If I had to pick a specific place, it could have been to a school event – usually basketball games, or a vacation destination. There are so many great places on most travels through small town America, but in answer to this questions I’ll just pick one: Maggie Valley, North Carolina. When we went to Maggie, we were really going to be all over the Smokey Mountain area, but some of my best childhood vacation memories involve lodging in Maggie.

17 of 100

14 06 2013

17. Do you drink? Smoke? Do drugs? Why, or why not?

I often have a cocktail or two a week. And I might have more if on vacation and walking home from the place where I’m drinking. I prefer gin martinis and Manhattans, but will sometimes have a cosmopolitan or Long Island Iced Tea. If making a drink for myself, it’s usually a gin and tonic. I occasionally have whiskey by the shot or in soda. My favorite whiskey is Crown Royal. When out at a bar I’m usually the driver and then prefer a Corona Light (no lime), or maybe two of them if we’re going to be there for several hours. I don’t drink to get buzzed or drunk, but have learned to enjoy drinks socially. It is very unusual for me to drink alone.

I don’t smoke. It’s not good for you, it costs a lot of money, and it smells bad. My father smoked until my senior year of high school. During his last few smoking years he smoked 2+ packs a day. Growing up in a smoked-filled house, and enduring countless trips in smoke-filled cars can’t have been good for us kids. All those chemicals can’t have been good for my mother’s health, either. I grew up in a family that struggled to make ends meet and lived paycheck to paycheck. It was not unusual for there to be serious discussions regarding medical care before seeking it, such as having glasses for poor eyesight or visiting the doctor due to illness or injury. As a very young child I broke my nose but wasn’t taken to the doctor. I have breathing problems as a result, even after one adult surgery, and a second surgery was recommended earlier this year. As a teenager I had a broken wrist bone, but was only taken to the doctor after several days of complaining about pain. However, there was never any question that dad was buying his cigarettes. I think it was my father’s way of making sure we knew how little we mattered to him. As you can probably guess, smoking has never appealed to me.

I have never had a desire to take illegal drugs, and fortunately have never had a drink spiked with them. I also have never smoked Mary Jane. It has never appealed to me. I have enough to worry about without illegal drugs.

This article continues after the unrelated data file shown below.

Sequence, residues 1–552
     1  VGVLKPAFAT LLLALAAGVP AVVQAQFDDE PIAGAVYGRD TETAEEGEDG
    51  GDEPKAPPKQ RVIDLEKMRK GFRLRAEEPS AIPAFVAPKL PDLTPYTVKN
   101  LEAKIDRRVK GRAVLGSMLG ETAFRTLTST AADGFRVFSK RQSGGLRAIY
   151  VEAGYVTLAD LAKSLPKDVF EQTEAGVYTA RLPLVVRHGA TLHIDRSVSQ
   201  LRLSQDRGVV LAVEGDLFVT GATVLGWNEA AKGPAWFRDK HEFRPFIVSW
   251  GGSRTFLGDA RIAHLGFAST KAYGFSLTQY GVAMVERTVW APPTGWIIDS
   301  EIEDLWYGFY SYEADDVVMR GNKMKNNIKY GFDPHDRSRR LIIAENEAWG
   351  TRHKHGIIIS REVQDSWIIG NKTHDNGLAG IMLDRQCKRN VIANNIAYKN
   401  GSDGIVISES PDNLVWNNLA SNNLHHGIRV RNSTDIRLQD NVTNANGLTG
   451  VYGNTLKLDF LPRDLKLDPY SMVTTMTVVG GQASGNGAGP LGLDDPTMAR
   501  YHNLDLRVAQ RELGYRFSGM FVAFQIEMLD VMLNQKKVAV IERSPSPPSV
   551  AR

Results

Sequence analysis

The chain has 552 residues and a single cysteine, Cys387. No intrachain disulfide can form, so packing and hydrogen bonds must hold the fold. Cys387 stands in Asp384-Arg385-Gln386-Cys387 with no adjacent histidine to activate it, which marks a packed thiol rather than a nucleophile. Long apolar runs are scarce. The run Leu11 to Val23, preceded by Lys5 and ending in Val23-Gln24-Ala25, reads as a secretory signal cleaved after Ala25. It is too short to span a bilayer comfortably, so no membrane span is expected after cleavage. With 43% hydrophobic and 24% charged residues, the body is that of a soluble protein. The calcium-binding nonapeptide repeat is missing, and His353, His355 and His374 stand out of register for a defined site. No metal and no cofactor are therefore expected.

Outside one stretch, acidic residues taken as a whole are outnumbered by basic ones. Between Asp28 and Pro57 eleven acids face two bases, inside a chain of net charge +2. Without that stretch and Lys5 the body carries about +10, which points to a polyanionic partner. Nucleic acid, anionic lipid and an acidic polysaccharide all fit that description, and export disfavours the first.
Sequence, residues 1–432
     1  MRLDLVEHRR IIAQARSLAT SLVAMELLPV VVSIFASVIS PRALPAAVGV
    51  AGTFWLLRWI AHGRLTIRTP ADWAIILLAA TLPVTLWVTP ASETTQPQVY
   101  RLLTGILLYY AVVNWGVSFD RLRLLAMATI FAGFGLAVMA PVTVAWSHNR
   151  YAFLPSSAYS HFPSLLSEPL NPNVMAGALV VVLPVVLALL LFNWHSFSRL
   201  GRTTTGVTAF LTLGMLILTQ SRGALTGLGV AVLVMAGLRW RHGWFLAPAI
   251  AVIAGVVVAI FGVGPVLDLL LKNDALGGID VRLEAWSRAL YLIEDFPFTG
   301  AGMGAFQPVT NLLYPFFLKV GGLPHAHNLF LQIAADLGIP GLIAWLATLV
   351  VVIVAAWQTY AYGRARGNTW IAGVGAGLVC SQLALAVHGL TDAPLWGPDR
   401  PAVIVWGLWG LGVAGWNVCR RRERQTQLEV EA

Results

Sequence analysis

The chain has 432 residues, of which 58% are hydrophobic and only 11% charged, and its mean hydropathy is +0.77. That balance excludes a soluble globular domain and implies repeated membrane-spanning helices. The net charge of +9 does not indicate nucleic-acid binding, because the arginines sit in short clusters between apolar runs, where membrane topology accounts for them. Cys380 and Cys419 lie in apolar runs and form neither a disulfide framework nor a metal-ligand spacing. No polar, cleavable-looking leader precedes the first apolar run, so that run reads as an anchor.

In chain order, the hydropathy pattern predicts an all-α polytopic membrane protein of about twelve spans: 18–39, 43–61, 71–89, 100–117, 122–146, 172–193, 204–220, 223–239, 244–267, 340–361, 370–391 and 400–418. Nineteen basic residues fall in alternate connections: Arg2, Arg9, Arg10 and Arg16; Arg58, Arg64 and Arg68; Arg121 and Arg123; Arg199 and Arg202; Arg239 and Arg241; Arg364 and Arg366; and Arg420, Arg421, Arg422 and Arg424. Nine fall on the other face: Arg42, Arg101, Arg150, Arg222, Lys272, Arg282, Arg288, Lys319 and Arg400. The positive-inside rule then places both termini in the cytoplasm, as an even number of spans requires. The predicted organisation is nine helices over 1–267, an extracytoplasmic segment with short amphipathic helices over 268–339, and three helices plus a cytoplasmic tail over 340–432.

“Get up and dance, get up and smile, get up and drink to the days that are gone in the shortest while.” –Simon Fowler

15 of 100

3 05 2013

15. If you could pick anywhere to live the rest of your life, where would it be?

This is a difficult question. I love quaint Oxford, Mississippi, but also love Manhattan, Toronto, and Provincetown. Westchester County, New York, is nice, too, if you can afford it. With a big lotto win, probably a Westchester home would win out. It’s close to Manhattan, but quieter and more relaxed. Provincetown is great, and i would love to live there, but I’m not sure I would want to spend the rest of my life there. Toronto is amazing, and would also get serious consideration. Unfortunately, despite my love for Oxford, Mississippi wouldn’t be a great place to live due to it’s anti-gay laws. I don’t want to live in a place where my spouse is considered a legal stranger to me. On a budget, Toronto would be more fun than New York. It’s plenty large enough, and after several visits I still look forward to returning. I have friends there, and feel quite at home.

My heart will always be in Dixie, but my home will likely always be in New York.

“Home wasn’t a set house, or a single town on a map. It was wherever the people who loved you were, whenever you were together. Not a place, but a moment, and then another, building on each other like bricks to create a solid shelter that you take with you for your entire life, wherever you may go.” ― Sarah Dessen, What Happened to Goodbye